This MSc in Principles of Applied Neuropsychology examines the uses of neuropsychology in the clinical world. Neuropsychology is central to the debate about the spark of individuality each human shows. This course looks at brain functions as an individual and in group settings, as well as studying the neuropsychology of mental health problems.
The course is an employability-centred extension to an undergraduate psychology degree. It is focused on neuropsychology, but is suitable for any student interested in preparing for an eventual career as a professional psychologist.
You’ll learn about the recent theories explaining how the brain allows us to cope in a busy world. You’ll learn about key concepts, such as self and how damage to these processes can give rise to mental health problems. You’ll also study how to be an applied psychologist, focussing on the core skills expected of a practitioner of applied psychology.
This course is suitable for anyone with a good major Psychology degree. It is essential that applicants have a Psychology dissertation. It is not necessary to have undergraduate neuropsychology but it would be beneficial to show relevant experience or plans to obtain relevant experience of work in an appropriate area.
Issues in Professional Practice
This module introduces students to the principles of applied psychology and the processes of recovery and rehabilitation. It focuses on the core skills expected of a practitioner of applied psychology: assessment; formulation; intervention; evaluation; communication skills; and self- management skills. The embedded research skills in this module relate to the evaluation of clinical practice.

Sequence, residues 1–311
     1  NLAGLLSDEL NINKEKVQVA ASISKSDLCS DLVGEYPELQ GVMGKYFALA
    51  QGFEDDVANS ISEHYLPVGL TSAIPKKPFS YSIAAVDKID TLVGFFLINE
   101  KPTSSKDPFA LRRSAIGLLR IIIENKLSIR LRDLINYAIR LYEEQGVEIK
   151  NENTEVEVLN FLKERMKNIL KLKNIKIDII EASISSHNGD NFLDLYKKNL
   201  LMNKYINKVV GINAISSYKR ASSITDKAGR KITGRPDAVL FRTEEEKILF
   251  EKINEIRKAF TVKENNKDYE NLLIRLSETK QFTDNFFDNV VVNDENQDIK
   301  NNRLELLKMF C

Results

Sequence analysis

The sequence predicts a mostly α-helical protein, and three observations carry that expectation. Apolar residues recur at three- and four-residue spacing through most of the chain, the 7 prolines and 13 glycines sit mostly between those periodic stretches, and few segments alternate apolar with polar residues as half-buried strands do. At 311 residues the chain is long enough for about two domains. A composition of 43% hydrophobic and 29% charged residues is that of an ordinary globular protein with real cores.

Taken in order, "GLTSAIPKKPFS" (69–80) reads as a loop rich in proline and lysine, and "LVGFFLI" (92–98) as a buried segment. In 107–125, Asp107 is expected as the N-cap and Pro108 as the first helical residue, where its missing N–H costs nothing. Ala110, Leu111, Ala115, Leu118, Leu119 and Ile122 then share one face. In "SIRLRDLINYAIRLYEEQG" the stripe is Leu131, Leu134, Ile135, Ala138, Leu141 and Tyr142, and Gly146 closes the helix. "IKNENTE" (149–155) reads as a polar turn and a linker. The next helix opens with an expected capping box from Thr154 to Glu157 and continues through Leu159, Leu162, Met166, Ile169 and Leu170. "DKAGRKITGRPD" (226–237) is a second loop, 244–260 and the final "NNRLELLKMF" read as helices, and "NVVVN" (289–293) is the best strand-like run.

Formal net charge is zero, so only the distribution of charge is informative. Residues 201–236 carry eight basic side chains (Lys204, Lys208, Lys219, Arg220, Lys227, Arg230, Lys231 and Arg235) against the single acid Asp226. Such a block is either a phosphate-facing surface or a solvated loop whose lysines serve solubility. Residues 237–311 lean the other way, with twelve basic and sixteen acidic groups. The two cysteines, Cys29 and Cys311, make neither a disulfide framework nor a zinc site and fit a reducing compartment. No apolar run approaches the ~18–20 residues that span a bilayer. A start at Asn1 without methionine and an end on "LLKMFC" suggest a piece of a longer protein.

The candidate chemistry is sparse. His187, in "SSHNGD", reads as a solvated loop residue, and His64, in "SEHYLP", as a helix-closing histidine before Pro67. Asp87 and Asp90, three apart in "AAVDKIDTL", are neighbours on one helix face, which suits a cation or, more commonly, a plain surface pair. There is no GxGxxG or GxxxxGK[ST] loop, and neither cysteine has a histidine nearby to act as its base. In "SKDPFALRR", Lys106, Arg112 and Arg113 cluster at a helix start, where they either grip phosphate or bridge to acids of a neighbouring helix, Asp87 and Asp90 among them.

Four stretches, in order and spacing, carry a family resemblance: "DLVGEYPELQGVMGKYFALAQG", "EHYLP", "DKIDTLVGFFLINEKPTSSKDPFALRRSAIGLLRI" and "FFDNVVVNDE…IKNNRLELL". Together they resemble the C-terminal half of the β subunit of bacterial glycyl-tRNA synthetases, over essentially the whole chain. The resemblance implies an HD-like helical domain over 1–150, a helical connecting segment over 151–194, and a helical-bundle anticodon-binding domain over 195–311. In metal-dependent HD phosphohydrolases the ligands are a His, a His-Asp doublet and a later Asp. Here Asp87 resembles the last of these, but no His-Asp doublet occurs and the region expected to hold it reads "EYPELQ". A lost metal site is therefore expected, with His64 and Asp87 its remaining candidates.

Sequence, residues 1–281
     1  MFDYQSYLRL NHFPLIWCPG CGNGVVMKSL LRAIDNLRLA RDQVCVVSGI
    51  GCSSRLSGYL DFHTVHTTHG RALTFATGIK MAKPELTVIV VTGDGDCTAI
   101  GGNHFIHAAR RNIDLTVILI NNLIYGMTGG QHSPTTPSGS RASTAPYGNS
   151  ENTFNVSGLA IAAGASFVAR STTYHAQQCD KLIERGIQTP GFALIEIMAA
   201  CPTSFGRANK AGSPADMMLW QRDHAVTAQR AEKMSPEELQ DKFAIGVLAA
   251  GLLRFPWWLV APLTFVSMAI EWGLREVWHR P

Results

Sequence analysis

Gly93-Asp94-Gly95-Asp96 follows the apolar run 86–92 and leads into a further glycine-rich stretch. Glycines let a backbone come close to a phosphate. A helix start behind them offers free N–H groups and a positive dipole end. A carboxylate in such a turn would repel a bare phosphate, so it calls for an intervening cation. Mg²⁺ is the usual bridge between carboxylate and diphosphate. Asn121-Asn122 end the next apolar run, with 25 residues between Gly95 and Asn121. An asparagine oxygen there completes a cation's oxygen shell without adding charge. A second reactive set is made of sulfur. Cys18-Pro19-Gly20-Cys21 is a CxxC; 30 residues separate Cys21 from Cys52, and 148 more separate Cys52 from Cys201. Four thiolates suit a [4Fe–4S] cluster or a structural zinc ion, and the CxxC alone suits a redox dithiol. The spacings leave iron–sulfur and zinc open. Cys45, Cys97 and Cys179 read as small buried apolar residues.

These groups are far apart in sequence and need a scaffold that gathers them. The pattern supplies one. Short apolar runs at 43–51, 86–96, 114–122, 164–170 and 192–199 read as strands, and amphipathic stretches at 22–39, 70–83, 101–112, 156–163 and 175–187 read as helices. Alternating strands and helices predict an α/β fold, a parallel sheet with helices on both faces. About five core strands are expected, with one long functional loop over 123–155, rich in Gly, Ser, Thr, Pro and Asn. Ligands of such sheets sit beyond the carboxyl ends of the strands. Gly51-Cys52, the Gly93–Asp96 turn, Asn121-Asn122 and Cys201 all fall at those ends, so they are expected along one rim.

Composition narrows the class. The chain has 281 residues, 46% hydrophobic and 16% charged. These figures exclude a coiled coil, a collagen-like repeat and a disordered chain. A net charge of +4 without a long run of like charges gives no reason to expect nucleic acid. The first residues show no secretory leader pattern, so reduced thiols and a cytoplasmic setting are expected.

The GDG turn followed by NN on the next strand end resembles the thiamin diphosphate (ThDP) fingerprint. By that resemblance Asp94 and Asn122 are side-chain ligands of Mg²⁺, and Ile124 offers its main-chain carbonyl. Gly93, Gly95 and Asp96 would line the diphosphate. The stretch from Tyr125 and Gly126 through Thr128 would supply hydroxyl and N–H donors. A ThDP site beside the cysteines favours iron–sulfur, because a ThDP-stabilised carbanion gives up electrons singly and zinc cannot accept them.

Social Neuropsychology of Mental Health
This module includes a neuropsychological perspective on mental health problems. It features a series of lectures on psychosis, affective disorders, fear disorders, principles of cognitive behavioural therapy, and basic pharmacology. We also look at the relationship between psychopathology and criminality. The embedded research methods deal with applications to ethics committees, and performing a systematic literature review.
This module provides a clinical approach to degenerative disorders, ageing, communication disorders visual disorders, and childhood developmental disorders. The module focuses on the functions and dysfunctions of the frontal lobes, including the concepts of self and other. The embedded research methods include researching a patient population, and using test batteries.
Neuropsychological rehabilitation exists to enable people to regain their footing in social and occupational spheres after brain injury. It does this in many ways, such as emotionally, functionally and cognitively. This module offers a broad theoretical perspective of the different methods of rehabilitation available for a range of disorders. We aim to provide not just theory but also guidance as to how you communicate that theory to patients, clients and other professionals.
This is the opportunity to investigate an area of neuropsychology of individual interest. As part of this module you are required to submit a 4,000–6,000 word paper, ready for publication in a specified journal, based on your research. You also have to demonstrate the ability to keep a detailed research log. The research undertaken by students must have a neuropsychological focus.
The course is centred on eventual employment as a professional psychologist. We aim to enhance your skills as a scientist-practitioner, and providing a step forward to meeting the criteria for assistant psychologist posts. The course also offers practical writing skills necessary for communicating complex scientific ideas to both a lay and specialist audience.
Previous students have successfully applied for professional doctorates, become psychology assistants as well as working in neuropsychological rehabilitative settings.
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